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Why HCl is a much stronger acid than H2O?

  1. Jun 23, 2013 #1
    I want to know why HCl is a much stronger acid than H2O.They have similar bond energies (H-Cl = 427 kJ/mol, O-H = 467 kJ/mol), so there should be easy to ionize both. Besides, O is more electronegative than Cl, so it should "steal" the electron easier. Why is HCl Ka so superior than water Kw?
  2. jcsd
  3. Jun 23, 2013 #2
    Consider the size of chlorine and oxygen
  4. Jun 23, 2013 #3


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    Consider what kind of bond each is. HCl is, at least when dissolved in water, ionic. H-OH is not mostly ionic, so ionizes only weakly.
  5. Jun 23, 2013 #4
    Ok, O-H is more covalent than Cl-H, but what contributes for that? Why is HCl ionic and H2O covalent? Is it the size of O and Cl? F is also very small (smaller than O) and HF is still much stronger than H2O (the bond energy of HF is superior too).
  6. Jun 24, 2013 #5
    HCl and HF are stronger acids than H2O because Cl- and F- are much weaker bases than OH-. Those bond energies you wrote refers only to homolitic dissociation: H-Cl --> H. + Cl. and not to ionic dissociation: H-Cl --> H+ + Cl-. Ionic dissociation energies are much different; looking for them you should find that OH- is much more reactive than Cl- or F- with H3O+, for this reason the dissociation costant of water is much lower.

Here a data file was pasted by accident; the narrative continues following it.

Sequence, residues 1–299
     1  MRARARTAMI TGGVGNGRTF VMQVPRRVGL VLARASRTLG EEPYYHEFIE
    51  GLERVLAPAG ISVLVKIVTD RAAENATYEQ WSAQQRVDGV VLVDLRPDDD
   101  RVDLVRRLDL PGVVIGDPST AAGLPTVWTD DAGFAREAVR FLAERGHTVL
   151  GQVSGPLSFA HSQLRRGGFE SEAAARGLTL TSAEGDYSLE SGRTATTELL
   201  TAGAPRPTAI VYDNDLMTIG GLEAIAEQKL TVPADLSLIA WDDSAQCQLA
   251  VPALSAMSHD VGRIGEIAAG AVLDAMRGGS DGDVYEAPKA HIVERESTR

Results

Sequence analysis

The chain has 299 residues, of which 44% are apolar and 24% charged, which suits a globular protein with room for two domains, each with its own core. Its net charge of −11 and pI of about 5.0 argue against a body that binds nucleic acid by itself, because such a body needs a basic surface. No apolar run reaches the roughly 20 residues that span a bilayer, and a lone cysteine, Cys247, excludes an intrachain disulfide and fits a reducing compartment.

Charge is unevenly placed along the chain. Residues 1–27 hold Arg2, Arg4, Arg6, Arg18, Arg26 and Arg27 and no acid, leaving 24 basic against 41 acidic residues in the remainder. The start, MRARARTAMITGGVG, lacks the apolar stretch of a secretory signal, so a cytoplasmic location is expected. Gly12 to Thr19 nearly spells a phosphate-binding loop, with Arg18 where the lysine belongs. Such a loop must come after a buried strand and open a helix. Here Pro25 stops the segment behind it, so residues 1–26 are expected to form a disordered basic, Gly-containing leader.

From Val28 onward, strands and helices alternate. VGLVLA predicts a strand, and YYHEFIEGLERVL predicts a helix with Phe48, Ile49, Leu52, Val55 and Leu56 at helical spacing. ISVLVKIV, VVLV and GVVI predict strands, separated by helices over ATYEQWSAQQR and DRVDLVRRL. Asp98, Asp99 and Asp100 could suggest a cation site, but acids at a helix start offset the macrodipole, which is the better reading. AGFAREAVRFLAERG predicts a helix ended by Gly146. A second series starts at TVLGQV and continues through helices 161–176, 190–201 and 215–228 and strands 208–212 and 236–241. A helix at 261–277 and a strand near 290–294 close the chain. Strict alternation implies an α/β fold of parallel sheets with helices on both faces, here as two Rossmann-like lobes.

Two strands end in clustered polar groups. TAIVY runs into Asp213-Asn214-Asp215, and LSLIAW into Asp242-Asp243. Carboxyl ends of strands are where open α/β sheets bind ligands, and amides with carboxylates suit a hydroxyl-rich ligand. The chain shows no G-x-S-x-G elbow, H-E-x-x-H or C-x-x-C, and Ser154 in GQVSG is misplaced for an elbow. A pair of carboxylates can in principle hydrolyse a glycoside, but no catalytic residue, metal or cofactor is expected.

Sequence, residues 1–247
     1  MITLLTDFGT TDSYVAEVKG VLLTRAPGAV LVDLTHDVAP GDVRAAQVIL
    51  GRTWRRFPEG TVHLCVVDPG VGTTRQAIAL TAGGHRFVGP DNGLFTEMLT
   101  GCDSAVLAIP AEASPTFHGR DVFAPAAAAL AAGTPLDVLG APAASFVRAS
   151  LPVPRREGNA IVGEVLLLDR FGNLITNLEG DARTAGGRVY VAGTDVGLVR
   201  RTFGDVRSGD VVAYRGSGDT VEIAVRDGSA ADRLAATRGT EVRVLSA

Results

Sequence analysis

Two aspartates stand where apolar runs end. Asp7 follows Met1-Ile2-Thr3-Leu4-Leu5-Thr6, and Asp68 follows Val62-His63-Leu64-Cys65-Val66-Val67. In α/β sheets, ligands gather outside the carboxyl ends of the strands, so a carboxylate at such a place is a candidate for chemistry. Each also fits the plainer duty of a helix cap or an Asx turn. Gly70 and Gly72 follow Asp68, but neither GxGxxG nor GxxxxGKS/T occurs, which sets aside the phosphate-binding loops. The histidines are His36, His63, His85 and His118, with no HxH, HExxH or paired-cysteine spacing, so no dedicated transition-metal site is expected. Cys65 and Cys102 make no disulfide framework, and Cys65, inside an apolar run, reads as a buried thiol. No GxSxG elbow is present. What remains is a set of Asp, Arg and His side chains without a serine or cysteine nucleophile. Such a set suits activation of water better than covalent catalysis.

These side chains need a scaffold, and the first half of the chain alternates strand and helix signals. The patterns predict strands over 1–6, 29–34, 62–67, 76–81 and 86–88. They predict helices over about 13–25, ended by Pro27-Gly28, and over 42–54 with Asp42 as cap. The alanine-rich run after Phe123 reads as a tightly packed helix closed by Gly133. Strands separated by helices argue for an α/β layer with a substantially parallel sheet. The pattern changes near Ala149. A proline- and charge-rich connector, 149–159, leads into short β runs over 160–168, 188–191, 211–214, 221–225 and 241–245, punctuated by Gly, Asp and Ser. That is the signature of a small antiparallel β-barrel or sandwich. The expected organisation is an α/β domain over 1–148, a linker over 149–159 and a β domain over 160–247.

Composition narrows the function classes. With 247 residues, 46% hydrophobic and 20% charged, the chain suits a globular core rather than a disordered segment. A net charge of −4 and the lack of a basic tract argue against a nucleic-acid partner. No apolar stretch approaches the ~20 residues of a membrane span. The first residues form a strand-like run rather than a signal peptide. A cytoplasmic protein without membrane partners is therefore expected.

7. Jun 25, 2013 #6


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    Also, to properly analyze the situation, you have to remember all processes involved take place in water, and ion solvation (hydration) plays crucial role.
  8. Jun 25, 2013 #7
    Exactly, thanks for clafication (you have anticipated me :smile:).
    Infact ion dissociation is favoured in a polar solvent as water.
  9. Jun 26, 2013 #8


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    Well I think the student should be a bit alert and critical.

    It seems to me that #3 and 5 have just restated in different terms the fact that HCl is a much stronger acid than H2O, not explained it.

    Though it is true that homolytic dissociation energies, if that is what the quoted figures are, are not relevant.
  10. Jun 27, 2013 #9
    I remember my book stated that we should look at the conjugate base to determine the equilibirum. Even though O is more electronegative than Cl, Cl has a larger volume so the charge density is greater allowing the negative charge to be spread out. So this makes Cl- more stable than OH- as a result at equilibrium there is more Cl- and H3O+ than for water with OH- and H3O+. Furthermore, the HCl bond is weaker than the HO bond further attributing to the equilibrium favouring the forward reaction for HCl than for H2O.

    I recall the H in OH- having an effect on the stability of the charge but I can't seem to recall it. Hope this helps.
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